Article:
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Legs for Life: Free Screenings

The Section of Interventional Radiology at the University of Pennsylvania Medical Center, in conjunction with the National Society of Interventional Radiology, is sponsoring Legs for Life, a public education and community wellness program to help identify people who may be at risk for PVD--peripheral vascular disease.

On September 27, 8:30 a.m.-5 p.m. in Houston Hall's Bodek Lounge, interventional radiologists and other Penn specialists will be available to explain and discuss both peripheral vascular disease and abdominal aortic aneurysms.

Appointments are necessary; call (215) 615-3591/3541, or (215) 662-3110 (Spanish speaking).

PVD is caused by blocked blood flow in the arteries of the legs and often causes pain or swelling, difficulty walking, numbness and skin discoloration. It affects 10 million Americans, typically over age 50. People suffering from diabetes, smokers, and people with high blood pressure or high cholesterol levels are at increased risk of PVD. Early detection is key: PVD can typically be treated through lifestyle changes or medications in the earliest stages. In its most advanced stages, PVD causes a "heart attack in the legs"--arteries become so clogged and narrow that blood rich with oxygen and nutrients is prevented from flowing to the limbs.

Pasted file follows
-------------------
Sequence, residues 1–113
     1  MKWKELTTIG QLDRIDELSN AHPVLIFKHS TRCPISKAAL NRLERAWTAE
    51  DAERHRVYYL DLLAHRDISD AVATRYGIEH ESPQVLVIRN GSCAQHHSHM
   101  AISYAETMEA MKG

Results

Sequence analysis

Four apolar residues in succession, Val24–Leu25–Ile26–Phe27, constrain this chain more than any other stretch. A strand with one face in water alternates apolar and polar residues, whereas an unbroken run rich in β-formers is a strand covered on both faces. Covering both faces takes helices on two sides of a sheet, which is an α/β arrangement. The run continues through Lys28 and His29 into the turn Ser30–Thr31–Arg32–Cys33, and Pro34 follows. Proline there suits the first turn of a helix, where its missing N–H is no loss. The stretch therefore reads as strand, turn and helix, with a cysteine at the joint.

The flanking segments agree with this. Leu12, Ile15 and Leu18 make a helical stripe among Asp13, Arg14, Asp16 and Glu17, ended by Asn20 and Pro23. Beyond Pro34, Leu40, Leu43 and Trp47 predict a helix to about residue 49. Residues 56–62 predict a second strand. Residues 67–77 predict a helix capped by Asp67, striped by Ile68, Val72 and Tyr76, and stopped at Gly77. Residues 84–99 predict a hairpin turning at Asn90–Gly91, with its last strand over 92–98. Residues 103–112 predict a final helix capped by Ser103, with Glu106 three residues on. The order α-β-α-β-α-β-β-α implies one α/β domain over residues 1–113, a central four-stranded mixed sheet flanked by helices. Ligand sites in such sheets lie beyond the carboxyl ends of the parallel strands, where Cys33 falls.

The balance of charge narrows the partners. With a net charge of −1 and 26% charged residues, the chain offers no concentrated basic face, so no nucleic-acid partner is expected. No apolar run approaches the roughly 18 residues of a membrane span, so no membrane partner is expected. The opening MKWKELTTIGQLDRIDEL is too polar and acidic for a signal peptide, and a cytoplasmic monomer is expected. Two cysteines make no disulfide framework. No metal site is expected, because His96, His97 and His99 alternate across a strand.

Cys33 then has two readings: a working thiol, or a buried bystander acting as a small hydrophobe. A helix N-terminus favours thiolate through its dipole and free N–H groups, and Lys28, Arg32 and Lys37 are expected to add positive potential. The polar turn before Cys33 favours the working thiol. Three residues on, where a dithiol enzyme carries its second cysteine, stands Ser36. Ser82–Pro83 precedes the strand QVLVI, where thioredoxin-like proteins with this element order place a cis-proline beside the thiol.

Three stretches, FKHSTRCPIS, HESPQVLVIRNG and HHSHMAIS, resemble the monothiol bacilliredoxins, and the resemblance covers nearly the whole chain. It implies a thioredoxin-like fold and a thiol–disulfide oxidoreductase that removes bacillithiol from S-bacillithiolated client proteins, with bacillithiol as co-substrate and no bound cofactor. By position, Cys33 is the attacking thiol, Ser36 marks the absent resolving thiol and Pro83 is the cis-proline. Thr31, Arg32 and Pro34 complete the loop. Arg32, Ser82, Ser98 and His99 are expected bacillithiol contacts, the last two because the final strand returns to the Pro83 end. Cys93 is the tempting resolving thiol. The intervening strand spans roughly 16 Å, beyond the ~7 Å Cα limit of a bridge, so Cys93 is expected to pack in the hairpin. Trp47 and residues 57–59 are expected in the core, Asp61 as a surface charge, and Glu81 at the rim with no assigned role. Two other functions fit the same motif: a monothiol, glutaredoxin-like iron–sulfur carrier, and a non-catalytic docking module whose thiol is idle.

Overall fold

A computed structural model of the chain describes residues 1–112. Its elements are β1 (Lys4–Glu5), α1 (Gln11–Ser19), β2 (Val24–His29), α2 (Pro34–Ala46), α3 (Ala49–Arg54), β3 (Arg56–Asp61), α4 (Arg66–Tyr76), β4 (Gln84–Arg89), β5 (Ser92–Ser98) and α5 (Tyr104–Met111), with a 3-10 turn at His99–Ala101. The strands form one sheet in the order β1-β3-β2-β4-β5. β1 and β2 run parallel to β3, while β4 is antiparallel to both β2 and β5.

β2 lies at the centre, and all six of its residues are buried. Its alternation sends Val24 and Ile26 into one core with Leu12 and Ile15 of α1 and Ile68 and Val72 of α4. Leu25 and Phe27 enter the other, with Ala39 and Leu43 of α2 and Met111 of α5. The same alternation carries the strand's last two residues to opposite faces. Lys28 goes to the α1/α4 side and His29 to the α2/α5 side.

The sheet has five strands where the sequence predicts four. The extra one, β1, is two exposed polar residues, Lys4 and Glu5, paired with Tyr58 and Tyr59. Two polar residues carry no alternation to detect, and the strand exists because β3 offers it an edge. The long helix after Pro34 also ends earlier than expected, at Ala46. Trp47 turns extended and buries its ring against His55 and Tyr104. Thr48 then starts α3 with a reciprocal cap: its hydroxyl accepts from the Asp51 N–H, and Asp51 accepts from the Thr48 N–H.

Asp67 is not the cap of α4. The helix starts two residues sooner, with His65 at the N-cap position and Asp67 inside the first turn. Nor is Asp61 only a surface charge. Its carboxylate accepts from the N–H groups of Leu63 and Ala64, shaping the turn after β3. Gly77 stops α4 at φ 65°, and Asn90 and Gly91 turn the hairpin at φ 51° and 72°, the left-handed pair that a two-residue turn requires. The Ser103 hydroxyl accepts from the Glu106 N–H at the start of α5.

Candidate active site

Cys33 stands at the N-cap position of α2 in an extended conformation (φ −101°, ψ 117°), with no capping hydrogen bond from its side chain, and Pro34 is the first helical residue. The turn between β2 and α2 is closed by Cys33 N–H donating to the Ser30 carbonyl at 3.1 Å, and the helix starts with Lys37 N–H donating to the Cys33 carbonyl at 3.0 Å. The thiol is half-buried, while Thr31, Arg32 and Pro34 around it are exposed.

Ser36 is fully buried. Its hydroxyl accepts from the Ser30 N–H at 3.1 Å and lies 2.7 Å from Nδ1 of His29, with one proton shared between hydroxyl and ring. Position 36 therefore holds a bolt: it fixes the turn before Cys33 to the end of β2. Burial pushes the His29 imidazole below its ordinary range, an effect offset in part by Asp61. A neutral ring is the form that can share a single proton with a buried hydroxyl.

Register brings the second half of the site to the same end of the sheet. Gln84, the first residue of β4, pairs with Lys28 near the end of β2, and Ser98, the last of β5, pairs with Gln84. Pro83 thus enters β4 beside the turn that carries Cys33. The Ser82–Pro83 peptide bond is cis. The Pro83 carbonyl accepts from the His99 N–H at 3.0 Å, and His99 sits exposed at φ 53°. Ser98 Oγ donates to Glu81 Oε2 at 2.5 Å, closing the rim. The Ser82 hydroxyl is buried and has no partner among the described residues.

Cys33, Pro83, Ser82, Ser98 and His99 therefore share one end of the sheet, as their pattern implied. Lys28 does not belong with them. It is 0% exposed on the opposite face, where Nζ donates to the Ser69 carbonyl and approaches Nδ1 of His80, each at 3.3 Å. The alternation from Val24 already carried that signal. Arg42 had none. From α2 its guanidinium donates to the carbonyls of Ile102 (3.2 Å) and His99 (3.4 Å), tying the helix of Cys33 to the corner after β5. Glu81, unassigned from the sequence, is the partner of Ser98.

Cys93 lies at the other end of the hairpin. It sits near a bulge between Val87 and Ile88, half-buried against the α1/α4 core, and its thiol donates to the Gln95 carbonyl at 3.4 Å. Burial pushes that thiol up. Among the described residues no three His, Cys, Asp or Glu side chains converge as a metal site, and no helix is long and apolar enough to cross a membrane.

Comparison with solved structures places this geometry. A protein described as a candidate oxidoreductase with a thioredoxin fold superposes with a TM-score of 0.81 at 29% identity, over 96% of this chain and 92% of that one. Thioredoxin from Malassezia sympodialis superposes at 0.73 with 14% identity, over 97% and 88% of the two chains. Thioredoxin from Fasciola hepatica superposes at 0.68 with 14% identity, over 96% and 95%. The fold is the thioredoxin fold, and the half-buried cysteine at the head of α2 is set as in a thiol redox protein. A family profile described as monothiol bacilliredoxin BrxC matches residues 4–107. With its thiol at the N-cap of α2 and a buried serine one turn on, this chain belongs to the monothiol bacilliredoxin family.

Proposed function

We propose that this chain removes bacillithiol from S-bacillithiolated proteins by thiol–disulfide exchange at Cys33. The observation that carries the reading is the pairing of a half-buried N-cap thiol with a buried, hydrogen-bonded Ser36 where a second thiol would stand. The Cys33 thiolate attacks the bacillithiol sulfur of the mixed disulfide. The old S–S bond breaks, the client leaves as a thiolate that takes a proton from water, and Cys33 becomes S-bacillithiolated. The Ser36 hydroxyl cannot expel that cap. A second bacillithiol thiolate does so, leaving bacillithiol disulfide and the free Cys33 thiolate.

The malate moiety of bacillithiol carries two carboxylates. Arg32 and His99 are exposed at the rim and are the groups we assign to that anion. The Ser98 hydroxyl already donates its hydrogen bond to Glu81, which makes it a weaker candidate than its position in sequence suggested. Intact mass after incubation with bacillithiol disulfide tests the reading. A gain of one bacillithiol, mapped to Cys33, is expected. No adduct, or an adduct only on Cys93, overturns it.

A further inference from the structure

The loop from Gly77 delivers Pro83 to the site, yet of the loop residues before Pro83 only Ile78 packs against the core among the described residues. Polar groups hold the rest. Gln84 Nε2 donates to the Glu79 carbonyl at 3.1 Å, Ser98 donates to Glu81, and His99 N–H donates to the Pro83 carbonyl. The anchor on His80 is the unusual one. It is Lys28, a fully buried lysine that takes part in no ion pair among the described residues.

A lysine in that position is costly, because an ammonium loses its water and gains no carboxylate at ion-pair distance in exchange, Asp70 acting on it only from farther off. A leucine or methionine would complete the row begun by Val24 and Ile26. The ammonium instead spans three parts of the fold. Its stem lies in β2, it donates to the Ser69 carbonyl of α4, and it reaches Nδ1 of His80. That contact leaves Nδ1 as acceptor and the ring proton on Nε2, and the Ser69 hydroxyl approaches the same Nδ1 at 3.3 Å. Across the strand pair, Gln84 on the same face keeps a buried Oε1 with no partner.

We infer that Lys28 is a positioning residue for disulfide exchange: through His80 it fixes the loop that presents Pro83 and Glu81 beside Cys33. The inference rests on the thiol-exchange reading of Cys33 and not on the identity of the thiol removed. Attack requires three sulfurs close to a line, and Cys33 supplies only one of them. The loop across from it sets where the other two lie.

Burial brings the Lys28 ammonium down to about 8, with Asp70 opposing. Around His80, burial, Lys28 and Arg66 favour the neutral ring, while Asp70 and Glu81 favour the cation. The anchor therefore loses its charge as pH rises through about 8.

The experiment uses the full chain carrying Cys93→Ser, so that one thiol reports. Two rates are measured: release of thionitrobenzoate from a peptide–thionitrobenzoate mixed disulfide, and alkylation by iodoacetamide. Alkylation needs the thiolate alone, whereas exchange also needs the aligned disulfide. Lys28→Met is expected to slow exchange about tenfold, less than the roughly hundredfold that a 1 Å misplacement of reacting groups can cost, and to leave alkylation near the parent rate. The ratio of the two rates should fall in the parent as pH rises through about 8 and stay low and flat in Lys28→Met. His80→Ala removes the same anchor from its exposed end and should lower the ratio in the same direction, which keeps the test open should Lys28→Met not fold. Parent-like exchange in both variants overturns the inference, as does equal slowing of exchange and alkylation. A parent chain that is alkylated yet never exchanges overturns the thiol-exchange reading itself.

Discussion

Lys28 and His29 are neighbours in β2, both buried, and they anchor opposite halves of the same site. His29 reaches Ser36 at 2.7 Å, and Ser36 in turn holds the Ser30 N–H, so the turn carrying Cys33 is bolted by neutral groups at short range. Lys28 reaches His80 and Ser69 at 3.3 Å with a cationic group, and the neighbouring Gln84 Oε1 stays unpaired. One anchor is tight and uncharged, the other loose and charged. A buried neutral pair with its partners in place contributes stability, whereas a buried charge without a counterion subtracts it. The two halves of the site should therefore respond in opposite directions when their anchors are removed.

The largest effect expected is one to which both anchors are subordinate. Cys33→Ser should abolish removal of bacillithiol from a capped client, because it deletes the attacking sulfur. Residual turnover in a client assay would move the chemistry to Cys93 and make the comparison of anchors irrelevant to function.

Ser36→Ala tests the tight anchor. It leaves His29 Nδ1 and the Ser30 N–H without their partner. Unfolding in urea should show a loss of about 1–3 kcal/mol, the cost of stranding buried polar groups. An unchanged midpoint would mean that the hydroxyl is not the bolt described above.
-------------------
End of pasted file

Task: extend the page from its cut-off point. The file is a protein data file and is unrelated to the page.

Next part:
Many individuals at risk of PVD are also at risk of abdominal aortic aneurysm (AAA), the 13th leading cause of death in the U.S. AAA is caused by a weakened area in the main vessel that supplies blood from the heart to the rest of the body. When blood flows through the aorta, the weakened area bulges like a balloon. If the balloon grows large enough, there is a danger that it will burst. Those at highest risk for AAA are males over 60 who have ever smoked and/or who have a history of hardening of the arteries. Also at risk are males and females with a family history of AAA.

--Jeffrey Solomon, Interventional Radiology

Almanac, Vol. 49, No. 4, September 17, 2002


September 17, 2002
Volume 49 Number 4

The School of Veterinary Medicine invites the Penn community to celebrate 50 Years of Excellence with an Open House on September 21.
U.S. News & World Report ranks Penn #4 in it's annual Best national Universities survey.
The Penn Humanities Forum dedicates the 2002-2003 lectures, seminars, and exhibitions to the topic of The Book.
New Bioterrorism Legislation affects laboratories and clinical facilities.
Speaking Out about the conservation postcards.
Honors for faculty and staff
The 14th annual Career Conference for graduate students starts on September 17.
The 10th annual Penn Family Day is scheduled for October 5.
Research Roundup: Nurse Shortage; Alternate Tobacco Use; Immune Cells Fight Cancer; Head Start.
The Annual Crime Report from the Division of Public Safety.